X is 50 years old and has been living in the UK for nearly 18 years and has been receiving help from ASSIST since early 2019.
He was born in Zimbabwe. X was forced to flee Zimbabwe after he was recruited to Mugabe’s militia. He became a target of political persecution after refusing to commit brutal acts against dissenters of the regime.
When he arrived in Sheffield, X had already been in the UK for a long time. He is a qualified builder and he had initially worked to support himself in London before the laws surrounding refused asylum seekers changed. He had escaped a violent relationship which had been his only source of financial support. His friends and family would no longer let him sleep on their sofas and he was completely destitute. He told us that at this point, having not eaten for days and getting very little sleep on the streets, he was feeling very weak. He was hearing voices and considering suicide.
This was 5 months ago. X considers himself a self-sufficient man, but realised at this point he had to look for help. He went to the Samaritans, who gave him a voucher to get some food and referred him to the Wednesday multi-service drop-in session at Victoria hall. X spoke to ASSIST volunteers there, they were very friendly and X said it was ‘like speaking to angels’. They gave him vouchers to eat at the Archer project and got him into the night shelter that same night. At the night shelter, X made friends and they went together to the Archer Project every day.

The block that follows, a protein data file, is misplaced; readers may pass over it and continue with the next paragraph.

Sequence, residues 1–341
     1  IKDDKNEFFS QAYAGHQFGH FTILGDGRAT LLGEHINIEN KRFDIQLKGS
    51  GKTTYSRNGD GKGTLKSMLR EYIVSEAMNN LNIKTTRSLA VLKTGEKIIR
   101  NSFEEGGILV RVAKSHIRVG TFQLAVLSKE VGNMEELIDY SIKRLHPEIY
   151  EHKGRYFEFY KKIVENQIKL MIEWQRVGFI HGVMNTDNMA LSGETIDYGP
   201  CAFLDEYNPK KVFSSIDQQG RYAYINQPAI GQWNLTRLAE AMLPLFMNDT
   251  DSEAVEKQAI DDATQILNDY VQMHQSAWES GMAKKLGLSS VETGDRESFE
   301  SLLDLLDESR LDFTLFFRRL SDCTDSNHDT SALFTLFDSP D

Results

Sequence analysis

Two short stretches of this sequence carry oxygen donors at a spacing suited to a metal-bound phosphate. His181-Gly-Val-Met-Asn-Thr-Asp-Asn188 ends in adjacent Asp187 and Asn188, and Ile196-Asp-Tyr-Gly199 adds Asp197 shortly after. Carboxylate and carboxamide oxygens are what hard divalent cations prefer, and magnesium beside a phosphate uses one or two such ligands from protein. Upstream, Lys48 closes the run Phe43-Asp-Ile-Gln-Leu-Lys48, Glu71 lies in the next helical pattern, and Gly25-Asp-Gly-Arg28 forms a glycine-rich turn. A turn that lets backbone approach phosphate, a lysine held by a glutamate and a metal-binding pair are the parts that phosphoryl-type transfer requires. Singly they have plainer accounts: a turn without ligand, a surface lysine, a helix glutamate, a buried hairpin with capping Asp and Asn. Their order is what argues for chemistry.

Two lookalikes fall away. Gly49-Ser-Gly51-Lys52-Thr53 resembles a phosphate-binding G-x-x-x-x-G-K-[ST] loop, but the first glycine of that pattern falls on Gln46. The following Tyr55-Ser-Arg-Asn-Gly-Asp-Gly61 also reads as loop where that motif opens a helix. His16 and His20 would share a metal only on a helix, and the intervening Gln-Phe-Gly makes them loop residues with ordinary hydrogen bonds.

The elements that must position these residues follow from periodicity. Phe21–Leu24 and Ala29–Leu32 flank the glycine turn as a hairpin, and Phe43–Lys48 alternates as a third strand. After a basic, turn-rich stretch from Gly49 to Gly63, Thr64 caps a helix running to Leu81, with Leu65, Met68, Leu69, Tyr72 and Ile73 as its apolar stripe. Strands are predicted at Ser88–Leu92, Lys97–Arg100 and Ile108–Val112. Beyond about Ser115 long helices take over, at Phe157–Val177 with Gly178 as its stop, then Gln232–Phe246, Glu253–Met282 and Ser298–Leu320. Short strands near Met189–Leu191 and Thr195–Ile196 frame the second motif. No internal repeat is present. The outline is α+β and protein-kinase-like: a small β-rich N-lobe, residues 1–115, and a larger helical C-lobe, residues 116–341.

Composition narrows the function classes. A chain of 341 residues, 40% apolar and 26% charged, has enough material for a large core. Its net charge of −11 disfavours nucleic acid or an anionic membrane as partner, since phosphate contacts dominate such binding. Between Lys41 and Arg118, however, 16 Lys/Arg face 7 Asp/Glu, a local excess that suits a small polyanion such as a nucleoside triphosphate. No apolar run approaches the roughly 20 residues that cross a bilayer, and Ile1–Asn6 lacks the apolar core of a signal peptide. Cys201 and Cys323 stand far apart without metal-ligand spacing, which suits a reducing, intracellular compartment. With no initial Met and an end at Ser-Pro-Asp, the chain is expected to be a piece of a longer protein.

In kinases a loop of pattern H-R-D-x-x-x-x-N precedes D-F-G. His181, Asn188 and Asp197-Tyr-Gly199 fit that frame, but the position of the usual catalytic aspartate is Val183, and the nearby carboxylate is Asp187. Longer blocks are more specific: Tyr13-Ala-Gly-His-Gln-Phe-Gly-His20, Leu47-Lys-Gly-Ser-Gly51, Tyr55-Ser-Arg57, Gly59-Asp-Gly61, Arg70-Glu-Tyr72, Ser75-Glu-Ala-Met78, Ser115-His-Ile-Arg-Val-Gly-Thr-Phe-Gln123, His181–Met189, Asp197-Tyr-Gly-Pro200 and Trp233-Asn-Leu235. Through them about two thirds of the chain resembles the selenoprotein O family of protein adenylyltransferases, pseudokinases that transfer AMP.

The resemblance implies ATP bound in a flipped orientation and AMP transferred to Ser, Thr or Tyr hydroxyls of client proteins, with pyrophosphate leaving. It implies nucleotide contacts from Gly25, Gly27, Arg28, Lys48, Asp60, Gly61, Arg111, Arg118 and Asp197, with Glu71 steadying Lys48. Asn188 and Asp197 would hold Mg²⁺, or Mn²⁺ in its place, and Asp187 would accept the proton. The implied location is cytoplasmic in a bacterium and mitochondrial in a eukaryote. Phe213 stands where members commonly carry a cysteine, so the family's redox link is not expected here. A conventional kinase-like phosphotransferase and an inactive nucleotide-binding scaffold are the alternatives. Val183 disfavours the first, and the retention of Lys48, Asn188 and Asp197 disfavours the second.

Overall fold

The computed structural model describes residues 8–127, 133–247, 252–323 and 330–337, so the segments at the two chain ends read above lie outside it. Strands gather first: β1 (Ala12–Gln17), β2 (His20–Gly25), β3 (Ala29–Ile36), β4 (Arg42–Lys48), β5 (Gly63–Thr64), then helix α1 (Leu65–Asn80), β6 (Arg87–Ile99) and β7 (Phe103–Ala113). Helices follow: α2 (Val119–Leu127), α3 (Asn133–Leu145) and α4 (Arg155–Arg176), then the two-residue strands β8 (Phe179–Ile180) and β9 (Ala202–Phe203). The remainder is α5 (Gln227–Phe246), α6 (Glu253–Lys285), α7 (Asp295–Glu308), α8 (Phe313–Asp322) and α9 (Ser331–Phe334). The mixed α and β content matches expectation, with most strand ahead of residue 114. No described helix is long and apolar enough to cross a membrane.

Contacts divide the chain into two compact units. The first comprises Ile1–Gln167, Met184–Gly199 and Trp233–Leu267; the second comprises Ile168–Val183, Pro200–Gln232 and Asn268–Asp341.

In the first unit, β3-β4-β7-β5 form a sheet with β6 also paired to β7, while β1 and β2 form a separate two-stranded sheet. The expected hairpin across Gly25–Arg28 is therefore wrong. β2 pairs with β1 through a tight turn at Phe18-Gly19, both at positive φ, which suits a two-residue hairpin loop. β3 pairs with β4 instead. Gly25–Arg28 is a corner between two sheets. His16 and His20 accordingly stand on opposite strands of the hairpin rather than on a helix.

After one month, he started staying with an ASSIST host couple. He had his own bedroom in their house and access to a shower and other facilities. They made him feel very welcome. He said they are like family to him. Then one day, X received a call to say there was a room available for him in an ASSIST house. For the past few months, he has been living there with other refused asylum seekers, whilst he works on making a fresh claim. He feels he has everything he needs there. He receives small weekly welfare payments which he says go further thanks to the cheap meal spots and food banks signposted for him by ASSIST. He goes to the gym.
X feels much more confident now. ‘ASSIST has taken me from rock bottom, I had nobody, friends relatives wanted nothing to do with me, I was suicidal. Now I can think again, I can sleep, I can wash, god has intervened. It’s not only me anymore.’ ASSIST has empowered him to tackle the problems life throws at him. He says he now knows everything in life is a learning curve. ‘No man is an island. ASSIST gives you the little push you need’.